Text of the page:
by James Slater – The decade is just one day away from coming to an end, and on web sites and in publications everywhere, boxing writers have been giving their choice or choices for the fight or fights of the decade that was 2000 to 2009.
There have been some truly great fights over the past ten years, and as such picking a list of just five or ten is a most difficult task. Picking just one is damn near impossible. However, I have managed to choose a winner when it comes to fight of the last decade, as you will have gathered from the title of this article..
Not an obvious choice maybe, but the super-bantamweight war that took place in March of 2006 is my personal pick for the cream of the crop that was seen in the sport in the 2000s. The argument that another fight is actually better than my choice is most understandable, and fights that seem to have been given the honours include all three Israel Vazquez-Rafael Marquez battles, the Arturo Gatti-Micky Ward trilogy, the first Marco Antonio Barrera-Erik Morales war and, of course, the splendid Diego Corrales-Jose Luis Castillo I epic. These choices, along with a number of others, cannot be faulted, but, perhaps simply to avoid going with the herd, I have chosen the battle between the Frenchman and the Thai instead.
Though my choice is sure to attract arguments and debate, it is, after all, simply my opinion only. And, as anyone who has seen the fight will know, the incredible fight that raged in 2006 sure was a dandy.
Here, for those fans who have not yet seen this terrific boxing match, is a rundown of how the spellbinding action unfolded.
Defending WBA super-bantamweight champion, Monshipour of France, who was making the 6th defence of his world title, came out like a man possessed at the sound of the opening bell. Southpaw Sithchatchawal of Thailand, who had lost just once previously in 47 bouts, met him head-on and the brutal action commenced. And brutal is the only world for it! Without exaggerating, what these two men did to one another simply has to be seen to be believed, such is the sheer carnage going on in centre ring.
The Frenchman threw himself to the floor in the opening seconds, such was his enthusiasm for battle, but a genuine knockdown soon sent him there for real. A sharp left uppercut/hook did the job, and the Thai fighter had the upper hand. Not for long, though. For as soon as he got back up, the ultra-tough fighter from France, along the equally tough boxer from Thailand, went at it, in a I’ll-hit-you, you-hit-me approach for ten of the most breathtaking rounds of boxing imaginable. With almost every punch from either guy being a fully loaded one, the damage being done on both sides was savage.
The only question was, who would cave in first? Someone had to, surely! But for round after round, no-one did. The brutality continued unabated. Almost as incredible, is the fact that neither warrior was particularly marked up, despite the savage haymakers they were furiously exchanging – a cut over the champion’s left eye and some blood from his nose being the only wounds of battle. Of course, that’s during the contest – how the two men looked a few hours after the war had ceased is something I can’t tell you.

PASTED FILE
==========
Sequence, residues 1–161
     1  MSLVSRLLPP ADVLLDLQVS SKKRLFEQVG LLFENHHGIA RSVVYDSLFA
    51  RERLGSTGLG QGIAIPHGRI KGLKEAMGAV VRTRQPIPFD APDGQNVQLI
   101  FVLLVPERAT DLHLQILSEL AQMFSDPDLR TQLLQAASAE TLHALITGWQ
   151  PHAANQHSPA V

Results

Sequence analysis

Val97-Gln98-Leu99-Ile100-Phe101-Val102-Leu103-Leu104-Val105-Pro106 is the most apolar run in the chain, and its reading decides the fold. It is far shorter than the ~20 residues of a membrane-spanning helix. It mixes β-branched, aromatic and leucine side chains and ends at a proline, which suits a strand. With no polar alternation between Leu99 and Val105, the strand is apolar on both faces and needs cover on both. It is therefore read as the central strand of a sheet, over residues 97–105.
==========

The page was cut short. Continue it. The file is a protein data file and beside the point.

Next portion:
Of the two men, the challenger was the more versatile. Able to box and move at times, and stick out a fast right jab, the man from Thailand was to benefit from his greater skill. The Frenchman, marching forwards relentlessly and refusing – or unable- to change tactics, was the first to visibly grow at least a little weary. Not that you could blame him! But the action seemed to last a hell of a long time before the pace slowed. After about 6 rounds of trying to knock chunks out of each other, the frenetic pace dipped at least a touch. But how the fans had been treated to an all-time classic.
The 9th round was especially mind-blowing. In this session, with the two rivals beginning to tire, they traded blow after blow with absolutely no regard for defence. Both swinging for the fences, the spectacle was like few others ever seen inside a boxing ring. Finally, as round number ten approached its end, the stubbornness was drained from the man from France. As Sithchatchawal teed off, making Monshipour’s head visibly reel as he did so, British referee John Coyle dived in to call a halt. And with the stoppage, my pick for the fight of the last decade came to an end.
The best fight from 2000 to 2009? Better than Corrales-Castillo? Better than Gatti-Ward? Better than Vazquez-Marquez? Better than Barrera-Morales? To be honest, I think so, yes. As great as those fights were, the kind of intense, even insane, warfare the two great fighters with the unpronounceable surnames gave us was nothing short of unique.
Happy New Year, and for those of you who have the fight on video (or for those who haven’t got it, look it up on YouTube) get it out and watch it today!